Thursday, February 8, 2018

A Little Machine Shop Steam Engine Puzzle

I've done some experiments with my little "steam" wobbler engine over the course of the last week.  I tried it with three different flywheels.  As always, there's a story behind this, but first, if you're so inclined, here's a four minute video that shows the experiments.

The video is a combination of three separate videos.  The first video is the solid one in that's mounted on the motor in the still photo thumbnail you should be seeing.  That flywheel is actually a remake of the first flywheel, which is the one on the left with the six half-inch holes in it, and I posted when I drilled the holes using my rotary table.  That flywheel was on the engine in the video I posted in that link at the top.  The brass (bronze?) wheel is smaller than the others, 2" diameter instead of 2-1/2".  The weights of the solid aluminum flywheel and that one are within 6 grams of each other, but the important mechanical property is the moment of inertia, and I haven't calculated that. 

What's the bottom line?  As of the moment, I like the looks of the lightweighted aluminum best, and the solid aluminum one the least, but the solid aluminum wheel is on the engine for now.  It wobbles more (visible in the first video) and despite that it runs best down to the lowest pressures (12 or 15 PSI). 

The engine is "touchy", the tightness of the flywheel is critical.  Right now, there's about .010 gap between the upright and the flywheel and it runs well.  If I adjust that gap so that there's virtually none, the engine won't run.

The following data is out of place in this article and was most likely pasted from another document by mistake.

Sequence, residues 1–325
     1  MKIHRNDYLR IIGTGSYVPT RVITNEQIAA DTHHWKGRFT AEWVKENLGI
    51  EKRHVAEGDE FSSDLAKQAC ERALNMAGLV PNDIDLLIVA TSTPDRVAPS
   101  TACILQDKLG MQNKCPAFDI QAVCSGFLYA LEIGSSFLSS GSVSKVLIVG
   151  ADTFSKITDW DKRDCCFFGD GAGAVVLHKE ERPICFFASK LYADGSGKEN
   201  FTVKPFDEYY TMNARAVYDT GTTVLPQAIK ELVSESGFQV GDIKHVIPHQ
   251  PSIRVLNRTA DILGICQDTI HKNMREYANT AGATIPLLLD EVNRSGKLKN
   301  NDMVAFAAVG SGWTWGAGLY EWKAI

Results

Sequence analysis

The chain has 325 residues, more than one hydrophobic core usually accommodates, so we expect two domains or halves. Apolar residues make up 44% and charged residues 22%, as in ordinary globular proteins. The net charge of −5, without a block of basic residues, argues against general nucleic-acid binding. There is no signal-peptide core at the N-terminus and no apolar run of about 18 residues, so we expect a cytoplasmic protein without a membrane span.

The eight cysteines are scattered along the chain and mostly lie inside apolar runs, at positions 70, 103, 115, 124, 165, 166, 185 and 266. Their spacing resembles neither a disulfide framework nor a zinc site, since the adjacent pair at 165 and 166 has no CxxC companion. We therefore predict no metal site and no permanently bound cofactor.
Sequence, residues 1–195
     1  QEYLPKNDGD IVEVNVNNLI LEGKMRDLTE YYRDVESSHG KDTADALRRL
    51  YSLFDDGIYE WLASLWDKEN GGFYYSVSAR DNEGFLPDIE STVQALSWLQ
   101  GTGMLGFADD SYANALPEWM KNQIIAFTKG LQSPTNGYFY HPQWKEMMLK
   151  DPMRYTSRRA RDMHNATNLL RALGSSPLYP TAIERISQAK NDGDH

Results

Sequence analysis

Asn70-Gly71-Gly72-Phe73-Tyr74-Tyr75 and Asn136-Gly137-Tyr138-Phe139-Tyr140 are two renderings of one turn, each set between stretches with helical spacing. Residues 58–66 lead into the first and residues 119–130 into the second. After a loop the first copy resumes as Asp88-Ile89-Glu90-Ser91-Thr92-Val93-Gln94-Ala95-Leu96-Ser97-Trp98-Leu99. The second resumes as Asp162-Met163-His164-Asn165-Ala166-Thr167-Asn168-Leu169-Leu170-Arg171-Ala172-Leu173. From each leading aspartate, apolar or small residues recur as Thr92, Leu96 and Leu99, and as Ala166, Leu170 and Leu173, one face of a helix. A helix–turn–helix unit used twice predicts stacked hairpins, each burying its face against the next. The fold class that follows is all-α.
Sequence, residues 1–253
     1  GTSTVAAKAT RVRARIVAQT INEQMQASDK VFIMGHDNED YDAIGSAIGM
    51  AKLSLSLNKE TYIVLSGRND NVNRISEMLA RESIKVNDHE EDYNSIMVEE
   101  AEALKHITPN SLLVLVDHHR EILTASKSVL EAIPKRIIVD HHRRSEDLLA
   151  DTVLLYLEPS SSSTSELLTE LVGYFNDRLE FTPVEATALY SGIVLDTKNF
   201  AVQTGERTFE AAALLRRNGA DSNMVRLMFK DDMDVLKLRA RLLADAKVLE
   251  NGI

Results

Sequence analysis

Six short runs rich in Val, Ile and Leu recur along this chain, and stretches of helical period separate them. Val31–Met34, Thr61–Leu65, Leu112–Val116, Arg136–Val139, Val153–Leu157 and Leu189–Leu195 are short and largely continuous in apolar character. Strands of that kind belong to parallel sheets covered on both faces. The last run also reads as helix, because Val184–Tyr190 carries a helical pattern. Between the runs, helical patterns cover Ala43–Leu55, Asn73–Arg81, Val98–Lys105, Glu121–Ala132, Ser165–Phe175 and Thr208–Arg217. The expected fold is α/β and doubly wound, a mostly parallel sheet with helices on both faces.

In this view, it looks like they're solidly against each other, and the same with the crank wheel on the other side.  If they're that close, I can't get it to run. 

Comments invited, of course.


  1. It appears that the looseness in the crankshaft makes the clearance necessary. Closing up the clearance causes the wheels to bind on the central plate, I suspect. This model is a "demonstration of principle" item. What it badly needs is a bearing housing with, at minimum, bronze Oilite bushings separated as widely as practical. should do nicely.

    1. I was thinking of turning one from delrin, since I still have several inches of rod left. Alternatively, I can get ball bearings with a 1/4" bore (the shaft size) that will sit in a 3/8" hole, recessed a little.

      But I tell myself it's really a toy, or "demonstration of principle" as you say, and it's probably doing what it's going to do.

    2. But just think of the fun you could have rigging it up to run some "animated" outdoor display for Christmas! And really run it off steam from a pot sitting over a bonfire in your front yard...

    3. I don't know what kind of power these things can deliver, but I'm sure they could do something. The displacement is about 1-1/2 cubic inches, so not much. Still, that's about 26 cubic centimeters and there are tons of 49cc motorcycles out there that people actually ride.

    4. You've got plenty of time to work it up between now and Thanksgiving...

      And for extra credit, you could have the boiler cooking mash and condense the "steam" output from the engine into moonshine! Sit there sippin' merrily away whilst the world drives by!